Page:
It took 72 years of organized struggle on the part of many courageous women and men. It was one of America's most divisive philosophical wars. But it was also a bloodless war. Suffrage was achieved without a shot being fired.
We have also been reminded, in V-1 Day observances last weekend, of the good that comes when men and women join together to combat the forces of tyranny and build a better world.
We have seen peace prevail in most places for a half century. We have avoided another world war.
But we have not solved older, deeply-rooted problems that continue to diminish the potential of half the world's population.
Now it is time to act on behalf of women everywhere. If we take bold steps to better the lives of women, we will be taking bold steps to better the lives of children and families too.
Families rely on mothers and wives for emotional support and care; families rely on women for labor in the home; and increasingly, families rely on women for income needed to raise healthy children and care for other relatives.
As long as discrimination and inequities remain so commonplace around the world - as long as girls and women are valued less, fed less, fed last, overworked, underpaid, not schooled and subjected to violence in and out of their homes - the potential of the human family to create a peaceful, prosperous world will not be realized.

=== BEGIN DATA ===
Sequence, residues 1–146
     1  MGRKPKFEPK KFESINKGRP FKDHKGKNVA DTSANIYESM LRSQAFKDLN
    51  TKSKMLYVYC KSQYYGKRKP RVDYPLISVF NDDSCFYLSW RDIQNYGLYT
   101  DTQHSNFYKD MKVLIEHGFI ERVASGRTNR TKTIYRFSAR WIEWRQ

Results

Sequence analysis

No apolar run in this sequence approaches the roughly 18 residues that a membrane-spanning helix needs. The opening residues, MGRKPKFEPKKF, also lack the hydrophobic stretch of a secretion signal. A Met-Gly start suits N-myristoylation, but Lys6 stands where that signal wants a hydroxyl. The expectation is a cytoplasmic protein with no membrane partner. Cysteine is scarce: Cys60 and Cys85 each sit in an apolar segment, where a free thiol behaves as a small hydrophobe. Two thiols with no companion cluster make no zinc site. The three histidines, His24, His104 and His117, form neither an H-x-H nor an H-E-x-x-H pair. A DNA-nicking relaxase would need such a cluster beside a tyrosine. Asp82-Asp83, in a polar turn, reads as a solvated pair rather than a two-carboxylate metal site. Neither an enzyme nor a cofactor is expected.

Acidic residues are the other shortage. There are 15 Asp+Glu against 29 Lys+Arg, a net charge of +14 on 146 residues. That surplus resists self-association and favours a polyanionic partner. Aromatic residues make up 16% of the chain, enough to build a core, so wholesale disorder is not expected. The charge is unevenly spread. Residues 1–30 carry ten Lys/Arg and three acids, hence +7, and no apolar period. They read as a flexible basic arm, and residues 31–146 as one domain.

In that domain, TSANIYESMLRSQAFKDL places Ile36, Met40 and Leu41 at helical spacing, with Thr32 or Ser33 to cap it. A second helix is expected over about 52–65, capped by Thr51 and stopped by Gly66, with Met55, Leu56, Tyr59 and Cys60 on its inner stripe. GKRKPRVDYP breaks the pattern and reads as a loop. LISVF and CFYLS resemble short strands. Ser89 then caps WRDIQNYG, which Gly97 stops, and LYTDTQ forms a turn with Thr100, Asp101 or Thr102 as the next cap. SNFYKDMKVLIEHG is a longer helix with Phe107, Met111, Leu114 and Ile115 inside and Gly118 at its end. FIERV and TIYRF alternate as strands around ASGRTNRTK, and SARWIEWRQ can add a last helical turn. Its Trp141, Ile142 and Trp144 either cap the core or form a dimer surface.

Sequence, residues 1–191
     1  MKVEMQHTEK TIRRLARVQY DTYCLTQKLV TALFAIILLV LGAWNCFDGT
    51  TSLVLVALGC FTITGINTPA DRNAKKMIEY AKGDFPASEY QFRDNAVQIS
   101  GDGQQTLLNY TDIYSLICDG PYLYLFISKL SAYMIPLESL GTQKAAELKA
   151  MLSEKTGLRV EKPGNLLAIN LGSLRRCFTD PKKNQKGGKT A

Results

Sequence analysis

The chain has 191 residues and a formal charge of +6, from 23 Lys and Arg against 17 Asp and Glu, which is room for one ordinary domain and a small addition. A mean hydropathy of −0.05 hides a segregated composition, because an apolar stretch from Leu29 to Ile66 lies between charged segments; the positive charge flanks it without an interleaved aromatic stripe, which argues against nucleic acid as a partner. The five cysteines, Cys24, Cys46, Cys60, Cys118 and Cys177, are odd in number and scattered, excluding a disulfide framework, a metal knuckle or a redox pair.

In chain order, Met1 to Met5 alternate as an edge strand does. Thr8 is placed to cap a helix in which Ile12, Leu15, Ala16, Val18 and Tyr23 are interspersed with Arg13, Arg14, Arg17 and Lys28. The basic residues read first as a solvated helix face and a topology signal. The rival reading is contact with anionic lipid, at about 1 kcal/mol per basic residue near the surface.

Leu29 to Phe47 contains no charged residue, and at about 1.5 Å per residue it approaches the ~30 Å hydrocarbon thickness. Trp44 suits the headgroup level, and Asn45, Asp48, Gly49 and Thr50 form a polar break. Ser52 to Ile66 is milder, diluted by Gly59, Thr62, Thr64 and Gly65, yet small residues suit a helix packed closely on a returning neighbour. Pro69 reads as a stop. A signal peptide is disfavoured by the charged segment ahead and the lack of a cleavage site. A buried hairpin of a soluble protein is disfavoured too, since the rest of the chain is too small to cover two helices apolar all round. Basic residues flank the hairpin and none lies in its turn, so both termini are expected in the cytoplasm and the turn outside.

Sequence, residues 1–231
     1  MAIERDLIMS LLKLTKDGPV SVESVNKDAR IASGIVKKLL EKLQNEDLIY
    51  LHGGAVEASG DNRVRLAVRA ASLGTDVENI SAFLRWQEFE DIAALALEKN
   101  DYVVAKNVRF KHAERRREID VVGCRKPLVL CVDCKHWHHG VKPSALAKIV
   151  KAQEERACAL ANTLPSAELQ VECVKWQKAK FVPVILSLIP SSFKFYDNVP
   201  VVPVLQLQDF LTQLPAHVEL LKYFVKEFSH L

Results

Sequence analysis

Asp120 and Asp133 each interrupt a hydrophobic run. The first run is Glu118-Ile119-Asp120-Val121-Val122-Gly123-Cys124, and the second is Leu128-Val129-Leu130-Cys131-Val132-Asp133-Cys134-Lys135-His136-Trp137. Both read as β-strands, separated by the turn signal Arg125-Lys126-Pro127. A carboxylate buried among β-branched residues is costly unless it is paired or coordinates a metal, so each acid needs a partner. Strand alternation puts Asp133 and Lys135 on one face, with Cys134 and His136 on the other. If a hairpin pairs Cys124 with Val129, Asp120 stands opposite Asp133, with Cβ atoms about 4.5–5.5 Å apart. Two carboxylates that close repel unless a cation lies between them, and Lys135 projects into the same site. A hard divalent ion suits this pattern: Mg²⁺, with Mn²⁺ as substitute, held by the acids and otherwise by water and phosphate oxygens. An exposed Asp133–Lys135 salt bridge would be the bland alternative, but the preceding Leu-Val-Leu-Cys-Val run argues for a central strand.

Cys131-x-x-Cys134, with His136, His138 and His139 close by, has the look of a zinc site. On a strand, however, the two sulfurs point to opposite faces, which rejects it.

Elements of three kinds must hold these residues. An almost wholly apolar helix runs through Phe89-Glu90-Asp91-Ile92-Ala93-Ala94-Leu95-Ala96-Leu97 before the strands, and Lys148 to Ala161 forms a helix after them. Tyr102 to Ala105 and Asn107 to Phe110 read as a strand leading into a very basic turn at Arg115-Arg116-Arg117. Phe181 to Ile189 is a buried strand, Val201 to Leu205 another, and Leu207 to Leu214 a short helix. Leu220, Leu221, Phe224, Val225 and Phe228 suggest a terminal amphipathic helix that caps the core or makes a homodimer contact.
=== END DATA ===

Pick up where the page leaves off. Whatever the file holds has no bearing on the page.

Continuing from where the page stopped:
Let this Conference be our - and the world's - call to action.
And let us heed the call so that we can create a world in which every woman is treated with respect and dignity, every boy and girl is loved and cared for equally, and every family has the hope of a strong and stable future.
Thank you very much.
God's blessings on you, your work and all who will benefit from it.



Reported in
The Independent
(article)





Secretary of state Hillary Clinton op-ed celebrating international women’s day March 8, 2009
Saturday, 07 March 2009 19:14 By The Independent Reporter

US MISSION - KAMPALA

Secretary of state Hillary Clinton On a trip to China eleven years ago, I met with women activists who told me about their efforts to advance conditions for women in their country. They offered a vivid portrait of the challenges women faced: employment discrimination, inadequate health care, domestic violence, antiquated laws that hindered women’s progress.